66. Cherie says 05 May 2015 at 16:28

    Tonya youre talking about interest.The amounts that you’re talking about are absurdly high interest and could be considered usury in most states. Even if you charged a legal rate of interest there is no way to enforce it without going to court – which is going to cost you time if not money.
    It sounds like the better policy would just be to say no to people – eventually they’ll stop asking

  67. Jazb says 26 June 2015 at 12:19

    I’m 19, struggle to pay fro my own braces and things that I need and stuff I may need for college, but my friend ALWAYS asks me for money or expects me to pay for her when we go somewhere. It really sucks and IDK what to do! IDK how to tell him that I don’t like it! Besides me paying for him, when I invite him places, that is basically the only time that he hangs with me! 🙁

    • cherie says 27 June 2015 at 04:51

      Since you’re 19 I will tell you what I would tell my teenagers:
      That person is not your friend, but an opportunist who is taking advantage of you and you should drop them like a hot potato.

      You don’t need to tell him/her that you don’t like what they’re doing – you should simply say no when they ask for money, and if they expect you to treat them say, “Sorry, can’t cover you, I’m pretty tight myself”

      I wouldn’t invite him/her again without making it clear you won’t be treating, “Hey, if you’ve got a few extra bucks want to go grab some ice cream?”

      Or you could suggest that it’s time for him/her to treat YOU

      Either this person will stop asking/expecting or theyll stop responding at all. Some times you just have to be what you might consider harsh or rude but really is just treating yourself with respect and not permitting someone to take advantage of you.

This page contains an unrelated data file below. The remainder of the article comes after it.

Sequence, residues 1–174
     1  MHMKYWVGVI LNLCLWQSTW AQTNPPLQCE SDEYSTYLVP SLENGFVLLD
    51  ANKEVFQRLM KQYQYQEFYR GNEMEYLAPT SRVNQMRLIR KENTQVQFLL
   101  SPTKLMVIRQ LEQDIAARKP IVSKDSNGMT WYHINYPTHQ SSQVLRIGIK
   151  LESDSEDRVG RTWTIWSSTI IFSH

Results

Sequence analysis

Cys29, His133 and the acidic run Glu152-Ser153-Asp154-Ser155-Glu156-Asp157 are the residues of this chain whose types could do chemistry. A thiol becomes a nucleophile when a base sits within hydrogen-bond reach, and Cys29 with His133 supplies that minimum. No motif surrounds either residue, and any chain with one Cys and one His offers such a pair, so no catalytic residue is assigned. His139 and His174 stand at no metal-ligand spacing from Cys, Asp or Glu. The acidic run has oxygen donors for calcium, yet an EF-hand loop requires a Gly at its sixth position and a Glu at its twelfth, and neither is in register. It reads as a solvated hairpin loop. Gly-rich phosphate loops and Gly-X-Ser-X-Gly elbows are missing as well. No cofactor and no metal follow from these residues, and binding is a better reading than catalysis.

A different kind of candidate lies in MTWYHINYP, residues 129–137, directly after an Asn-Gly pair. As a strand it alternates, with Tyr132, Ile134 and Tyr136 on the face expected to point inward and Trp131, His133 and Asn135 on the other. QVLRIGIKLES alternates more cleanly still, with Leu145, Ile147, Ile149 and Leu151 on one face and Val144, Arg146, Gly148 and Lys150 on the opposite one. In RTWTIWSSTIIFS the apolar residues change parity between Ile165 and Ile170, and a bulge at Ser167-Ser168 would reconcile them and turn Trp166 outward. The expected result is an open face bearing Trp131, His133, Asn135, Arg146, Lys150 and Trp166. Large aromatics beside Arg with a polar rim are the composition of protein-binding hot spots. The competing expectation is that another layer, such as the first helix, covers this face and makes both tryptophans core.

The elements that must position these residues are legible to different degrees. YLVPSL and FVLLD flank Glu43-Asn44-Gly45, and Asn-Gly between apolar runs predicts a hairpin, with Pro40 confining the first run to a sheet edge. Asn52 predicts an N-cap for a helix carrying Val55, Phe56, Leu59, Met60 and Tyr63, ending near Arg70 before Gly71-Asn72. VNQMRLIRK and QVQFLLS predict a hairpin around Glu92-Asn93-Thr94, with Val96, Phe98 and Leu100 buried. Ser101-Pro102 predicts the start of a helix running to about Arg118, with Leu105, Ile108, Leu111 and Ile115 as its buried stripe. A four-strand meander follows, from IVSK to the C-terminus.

68. Sean says 23 October 2015 at 08:13

    I’m having a similar problem but I’ve know this person for a shorter time. He’s helped me a couple times but ever since then, I’ve been getting asked every time my pay week comes up. He offered to give me some guys address and name who supposedly stole my xbox. Everything is entirely too sketchy, but he knows where I live and probably has a gun and has connections… I don’t feel comfortable saying no for my own safety. I’ve been using excuses like bills and stuff, but he comes to me claiming to have court fees (once chipped in on a supposed bail out). I checked court records online and saw nothing since 2011, and an officer told me over the phone he has a lot of person of interest notes in theft. I really want to break it off and say some rather insulting things to him, but I’m scared for my life, to be honest.